Career Testing
Career Testing
Career Testing
WORK-LIFE BALANCE / OCT. 16, 2014
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How to Fight Burnout in Social Work

Those who work in social work, healthcare, and law face the highest rate of burnout. When you started your career, you understood that due to the nature of your job you at some point would hit the wall. This type of exhaustion can cause serious mental and physical ailments which can inhibit you from doing your job; here are some tips to help you fight social work burnout...

Top Causes for Burnout in Social Work

  • Long hours
  • Low pay
  • Dealing with severely troubled individuals
  • Coping with situations you cannot change
  • Lack of training for real world social issues
  • Little time and cash for continuing education and training to foster career development

The Broken Shut Off Valve

According to experts Christina Maslach and Michael Leiter, social work burnout can result in the erosion of personal values, dignity and spirit. Social work requires you to be compassionate at times and methodical at others. Learning how and when to shut off your emotions can be difficult and when you are in the thralls of burnout, it often feels like you absolutely cannot fight deluge of emotions regarding difficult work situations.

On the other hand, some social worker burnout results in just the opposite, when you feel you have become desensitized completely and are unable to show emotion or compassion at all. Both situations can cause serious problems at work and can result in depression and anxiety. This is a sure sign of burnout and when dealt with accordingly, can be avoided and/or resolved.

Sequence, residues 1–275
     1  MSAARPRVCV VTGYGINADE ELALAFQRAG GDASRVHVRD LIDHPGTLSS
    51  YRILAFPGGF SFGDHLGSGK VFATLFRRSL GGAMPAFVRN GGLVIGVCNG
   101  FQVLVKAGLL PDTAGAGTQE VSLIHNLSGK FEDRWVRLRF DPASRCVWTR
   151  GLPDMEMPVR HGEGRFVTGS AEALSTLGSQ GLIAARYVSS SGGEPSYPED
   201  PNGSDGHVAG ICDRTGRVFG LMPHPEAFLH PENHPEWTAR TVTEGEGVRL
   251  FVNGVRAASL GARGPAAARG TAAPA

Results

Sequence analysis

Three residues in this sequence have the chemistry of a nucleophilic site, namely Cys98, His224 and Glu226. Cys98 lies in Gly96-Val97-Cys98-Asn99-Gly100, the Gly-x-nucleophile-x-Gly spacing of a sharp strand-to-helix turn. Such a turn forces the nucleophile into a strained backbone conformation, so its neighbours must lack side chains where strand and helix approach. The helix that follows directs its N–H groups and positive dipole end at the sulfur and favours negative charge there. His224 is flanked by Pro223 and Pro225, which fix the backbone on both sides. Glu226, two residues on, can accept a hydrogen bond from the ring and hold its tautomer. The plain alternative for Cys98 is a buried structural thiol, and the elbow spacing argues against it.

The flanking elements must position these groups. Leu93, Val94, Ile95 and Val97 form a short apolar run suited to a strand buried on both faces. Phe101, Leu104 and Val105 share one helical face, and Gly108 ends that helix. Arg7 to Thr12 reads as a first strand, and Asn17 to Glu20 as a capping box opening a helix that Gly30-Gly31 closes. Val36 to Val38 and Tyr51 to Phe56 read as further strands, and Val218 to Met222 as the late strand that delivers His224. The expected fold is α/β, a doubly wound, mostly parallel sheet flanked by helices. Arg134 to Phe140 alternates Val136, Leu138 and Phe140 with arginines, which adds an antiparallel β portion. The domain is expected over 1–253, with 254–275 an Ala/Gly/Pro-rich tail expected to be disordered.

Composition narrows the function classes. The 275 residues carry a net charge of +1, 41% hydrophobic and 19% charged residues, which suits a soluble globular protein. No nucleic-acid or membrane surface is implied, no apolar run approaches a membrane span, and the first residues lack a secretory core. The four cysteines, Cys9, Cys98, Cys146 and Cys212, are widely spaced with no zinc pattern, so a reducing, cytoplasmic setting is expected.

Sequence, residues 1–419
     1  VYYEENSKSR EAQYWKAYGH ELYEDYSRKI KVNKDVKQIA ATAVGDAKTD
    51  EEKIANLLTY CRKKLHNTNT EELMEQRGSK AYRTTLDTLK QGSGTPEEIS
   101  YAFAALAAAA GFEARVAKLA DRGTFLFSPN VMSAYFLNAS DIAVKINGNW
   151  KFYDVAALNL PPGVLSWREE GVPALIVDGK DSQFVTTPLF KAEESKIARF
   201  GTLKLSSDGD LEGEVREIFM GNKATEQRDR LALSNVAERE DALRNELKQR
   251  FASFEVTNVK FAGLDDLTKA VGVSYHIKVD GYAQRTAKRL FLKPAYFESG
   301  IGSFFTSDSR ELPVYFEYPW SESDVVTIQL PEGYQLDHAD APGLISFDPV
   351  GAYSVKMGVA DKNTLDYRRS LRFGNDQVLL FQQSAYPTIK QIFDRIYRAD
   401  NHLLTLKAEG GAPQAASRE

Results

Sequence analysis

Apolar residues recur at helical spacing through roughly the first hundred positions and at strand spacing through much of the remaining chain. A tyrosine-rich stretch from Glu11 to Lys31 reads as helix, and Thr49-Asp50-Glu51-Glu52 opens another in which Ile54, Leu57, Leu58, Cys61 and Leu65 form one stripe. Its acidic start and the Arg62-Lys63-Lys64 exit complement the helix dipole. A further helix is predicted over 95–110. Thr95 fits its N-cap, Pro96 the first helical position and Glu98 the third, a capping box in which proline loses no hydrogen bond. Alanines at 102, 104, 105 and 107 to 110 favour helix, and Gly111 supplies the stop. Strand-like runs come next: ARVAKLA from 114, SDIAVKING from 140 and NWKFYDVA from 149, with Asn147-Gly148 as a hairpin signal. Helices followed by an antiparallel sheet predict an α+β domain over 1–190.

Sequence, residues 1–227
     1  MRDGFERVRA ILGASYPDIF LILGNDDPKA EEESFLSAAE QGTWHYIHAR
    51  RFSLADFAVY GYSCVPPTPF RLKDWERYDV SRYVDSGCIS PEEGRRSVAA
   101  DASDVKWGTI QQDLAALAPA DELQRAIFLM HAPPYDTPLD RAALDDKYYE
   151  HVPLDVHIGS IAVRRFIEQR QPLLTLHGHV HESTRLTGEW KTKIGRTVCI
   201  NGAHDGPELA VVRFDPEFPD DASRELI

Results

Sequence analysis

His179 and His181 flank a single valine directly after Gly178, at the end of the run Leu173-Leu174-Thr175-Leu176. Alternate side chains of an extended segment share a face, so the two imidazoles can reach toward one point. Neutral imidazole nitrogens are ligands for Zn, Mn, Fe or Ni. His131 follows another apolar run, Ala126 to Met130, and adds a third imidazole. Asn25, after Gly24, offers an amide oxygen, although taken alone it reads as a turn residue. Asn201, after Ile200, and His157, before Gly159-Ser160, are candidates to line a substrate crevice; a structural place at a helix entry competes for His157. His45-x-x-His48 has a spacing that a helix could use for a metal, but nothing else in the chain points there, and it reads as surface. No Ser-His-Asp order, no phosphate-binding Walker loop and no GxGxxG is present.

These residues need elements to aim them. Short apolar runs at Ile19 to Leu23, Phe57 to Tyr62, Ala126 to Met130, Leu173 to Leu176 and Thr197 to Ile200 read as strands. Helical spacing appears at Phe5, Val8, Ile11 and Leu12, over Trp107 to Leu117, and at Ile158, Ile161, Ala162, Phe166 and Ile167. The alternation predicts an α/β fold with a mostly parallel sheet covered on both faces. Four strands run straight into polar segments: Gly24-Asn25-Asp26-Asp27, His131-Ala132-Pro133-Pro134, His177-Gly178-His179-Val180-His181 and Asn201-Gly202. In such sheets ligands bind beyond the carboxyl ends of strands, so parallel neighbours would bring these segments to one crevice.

Solutions to Social Work Burnout

Take a Break

You may not be able to afford to take time off, but taking small breaks can still be beneficial. On your rare days off, shut off your phone, don’t answer emails, and avoid negative reflection about past cases. Give yourself the time you need to step away and regain a positive perspective on what you do. Enjoy doing something you love, whether that’s taking a swim, gardening, or reading a book.

Ask for Help

Everyone needs a little back up; employ the help of friends and family, seek professional counseling to help you deal with more complicated emotions, and when your caseload is overwhelming, ask coworkers for help. As a social worker, you live by the code of, "I can take care of this," - no you can’t, not all the time every time. Learn the warning signs of being overwhelmed and call for back up when you need it.

Set Attainable Goals

Setting realistic goals will help you avoid becoming overwhelmed. Stop trying to solve problems before they arise and allow yourself room to properly adjust to situations. Planning for the worst is healthy, expecting to fail is not. Take each day and each case as it comes.

Work/Life Balance

Do what you love with who you love whenever possible. Enjoy your "you" time whenever you can; this will help you refresh. Schedule a lunch with a friend during the week or plan a date night with your partner; take time to socialize outside of work.

Celebrate

Celebrate each victory, no matter how small. The fact is, as a social worker, every victory is a big victory. Reward yourself; offer yourself some positive reinforcement for a job well done. When battling burnout, a small light in the dark can turn into a beacon of hope.

Take Care of You

Mind, body, spirit; these elements of ourselves cannot be ignored, no matter how dire and external situation is. If you are not running on all cylinders you simply cannot dedicate the proper amount of time to help others. Nurture yourself by eating well, exercising when you can, meditating, and contemplating. 

Remember why you decide to get into social work - to help others. Help yourself and you can avoid burnout and continue to work miracles for others. Your line of work requires all of your energy, but remember to stash reserves for yourself and tap into them when needed.

 

Image via HSN News

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